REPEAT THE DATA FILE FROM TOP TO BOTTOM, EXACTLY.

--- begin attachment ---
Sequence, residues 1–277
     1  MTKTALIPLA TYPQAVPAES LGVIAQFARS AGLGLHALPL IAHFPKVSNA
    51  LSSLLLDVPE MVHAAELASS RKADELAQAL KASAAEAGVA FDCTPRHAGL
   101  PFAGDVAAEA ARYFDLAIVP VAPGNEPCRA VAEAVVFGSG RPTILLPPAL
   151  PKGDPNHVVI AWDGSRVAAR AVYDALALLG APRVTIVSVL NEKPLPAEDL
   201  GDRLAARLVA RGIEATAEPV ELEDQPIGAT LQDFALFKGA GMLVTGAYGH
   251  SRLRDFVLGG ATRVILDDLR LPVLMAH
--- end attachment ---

Sequence, residues 1–277
     1  MTKTALIPLA TYPQAVPAES LGVIAQFARS AGLGLHALPL IAHFPKVSNA
    51  LSSLLLDVPE MVHAAELASS RKADELAQAL KASAAEAGVA FDCTPRHAGL
   101  PFAGDVAAEA ARYFDLAIVP VAPGNEPCRA VAEAVVFGSG RPTILLPPAL
   151  PKGDPNHVVI AWDGSRVAAR AVYDALALLG APRVTIVSVL NEKPLPAEDL
   201  GDRLAARLVA RGIEATAEPV ELEDQPIGAT LQDFALFKGA GMLVTGAYGH
   251  SRLRDFVLGG ATRVILDDLR LPVLMAH